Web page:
Do Primary Voting Numbers Spell a GOP Trend?

Trend surfing: You might as well start practicing right now, so you can get used to it. Say these words: Governor Rick Perry, four more years.

Why is Buzz predicting the return of Mr. Hot Hair to office? Well, he's leading the polls in his primary race and, so far, turnout in the GOP primary appears to be running higher than Democratic turnout. For example, though Monday 13,805 voters have cast early ballots in the Republican races in Dallas County, versus 8,537 on the Democrat side.

We asked veteran Austin-based GOP analyst and former Republican Party of Texas political director Royal Masset whether higher turnout in the primaries gives a party an edge in the general election.

"Oh, absolutely," Masset said. "There is a much higher tendency for people active in our primary to stay with us in November, which of course is the flipside of what we were worried about in the last election, the presidential election where there was so much activity on the Democratic side."

Turnout is the key to November, and primary voters tend to be motivated voters. Masset said 80 to 90 percent of the party's primary voters will go to polls in November. Of voters who don't cast ballots in primaries, that figure is around 40 percent.

"It's just mathematical tendency for people once they vote in the primary...You're on our computers. You're going to get called by our candidates in November. You're much more likely to call yourself Republican."

Dallas County elections administrator Bruce Sherbet, however, says comparing one party's primary turnout to the general election turnout is an apple-oranges thing. Who's at the top of the ticket is the real draw.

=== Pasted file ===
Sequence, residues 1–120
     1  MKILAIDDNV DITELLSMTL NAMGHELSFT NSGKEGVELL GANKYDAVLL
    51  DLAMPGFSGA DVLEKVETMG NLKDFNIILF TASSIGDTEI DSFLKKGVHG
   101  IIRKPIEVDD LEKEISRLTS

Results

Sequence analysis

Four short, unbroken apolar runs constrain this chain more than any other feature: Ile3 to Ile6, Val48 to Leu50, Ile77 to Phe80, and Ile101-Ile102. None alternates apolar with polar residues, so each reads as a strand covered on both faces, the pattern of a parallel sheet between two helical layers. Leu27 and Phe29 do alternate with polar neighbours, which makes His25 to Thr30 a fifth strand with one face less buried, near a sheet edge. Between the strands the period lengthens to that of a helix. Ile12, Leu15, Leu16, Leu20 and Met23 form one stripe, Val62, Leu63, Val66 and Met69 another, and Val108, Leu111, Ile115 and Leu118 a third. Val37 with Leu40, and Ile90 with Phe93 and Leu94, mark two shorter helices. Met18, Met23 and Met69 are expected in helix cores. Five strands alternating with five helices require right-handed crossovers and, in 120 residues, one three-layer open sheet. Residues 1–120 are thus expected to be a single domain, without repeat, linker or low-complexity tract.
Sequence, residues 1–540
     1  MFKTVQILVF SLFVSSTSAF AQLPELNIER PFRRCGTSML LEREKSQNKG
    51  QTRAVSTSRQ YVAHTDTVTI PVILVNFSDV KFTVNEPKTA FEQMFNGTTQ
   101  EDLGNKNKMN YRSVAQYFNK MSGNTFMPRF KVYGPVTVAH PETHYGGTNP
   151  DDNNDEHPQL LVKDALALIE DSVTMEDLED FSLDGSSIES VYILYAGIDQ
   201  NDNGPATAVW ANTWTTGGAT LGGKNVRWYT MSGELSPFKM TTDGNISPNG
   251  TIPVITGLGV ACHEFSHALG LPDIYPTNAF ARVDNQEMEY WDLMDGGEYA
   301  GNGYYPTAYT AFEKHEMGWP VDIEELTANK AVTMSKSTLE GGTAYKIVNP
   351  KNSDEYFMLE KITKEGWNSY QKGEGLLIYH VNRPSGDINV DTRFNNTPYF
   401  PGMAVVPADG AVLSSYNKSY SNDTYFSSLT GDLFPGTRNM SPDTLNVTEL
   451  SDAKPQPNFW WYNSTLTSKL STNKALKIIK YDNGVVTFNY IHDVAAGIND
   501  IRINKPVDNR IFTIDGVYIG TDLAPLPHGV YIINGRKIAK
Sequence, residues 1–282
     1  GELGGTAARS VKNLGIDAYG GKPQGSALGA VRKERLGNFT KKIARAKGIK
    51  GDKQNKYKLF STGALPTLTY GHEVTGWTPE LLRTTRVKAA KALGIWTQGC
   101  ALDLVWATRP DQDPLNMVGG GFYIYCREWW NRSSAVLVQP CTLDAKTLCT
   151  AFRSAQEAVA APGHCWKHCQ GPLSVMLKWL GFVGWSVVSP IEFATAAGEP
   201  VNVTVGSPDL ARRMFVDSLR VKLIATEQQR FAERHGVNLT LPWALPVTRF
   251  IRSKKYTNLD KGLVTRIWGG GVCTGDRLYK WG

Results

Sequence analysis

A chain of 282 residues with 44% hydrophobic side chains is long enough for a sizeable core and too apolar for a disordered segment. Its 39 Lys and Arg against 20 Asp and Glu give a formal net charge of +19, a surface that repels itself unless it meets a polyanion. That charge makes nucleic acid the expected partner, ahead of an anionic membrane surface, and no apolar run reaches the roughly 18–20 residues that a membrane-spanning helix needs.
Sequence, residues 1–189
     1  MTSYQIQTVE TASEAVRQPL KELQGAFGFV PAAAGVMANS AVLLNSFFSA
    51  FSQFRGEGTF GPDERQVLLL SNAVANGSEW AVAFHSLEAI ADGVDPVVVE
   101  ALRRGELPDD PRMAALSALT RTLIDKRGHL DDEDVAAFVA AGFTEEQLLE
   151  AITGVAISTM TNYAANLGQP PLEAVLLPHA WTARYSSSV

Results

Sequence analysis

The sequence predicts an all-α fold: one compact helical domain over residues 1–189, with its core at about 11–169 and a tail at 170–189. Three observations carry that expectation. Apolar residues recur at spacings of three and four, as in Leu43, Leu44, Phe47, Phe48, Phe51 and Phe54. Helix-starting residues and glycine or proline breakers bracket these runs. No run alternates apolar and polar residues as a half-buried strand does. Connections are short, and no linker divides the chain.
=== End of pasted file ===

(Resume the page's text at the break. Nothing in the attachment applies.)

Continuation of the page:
And what about the divisiveness of the battle between the two top GOP contenders, Perry and Senator Kay Bailey Hutchison? Won't that do some damage to the final candidate in the end?

No, Masset said.

"It's just isn't that divisive." Masset said. "Everybody keeps talking like, 'Boy, everybody's mad and they hate each other.' If anything they're old buddies who obviously are fighting like crazy because they both want to be governor, but it's not been what I'd call a blood-curdling race by any means...Nobody's questioning their citizenship or where they were born...They're just basically calling each other mildly corrupt and incompetent, which is kind of mild," Masset said.

He's right, of course. The Republicans will wait till they go up against a Democratic opponent before they show their really vicious side.

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Patrick Williams is editor-in-chief of the Dallas Observer.
Contact: Patrick Williams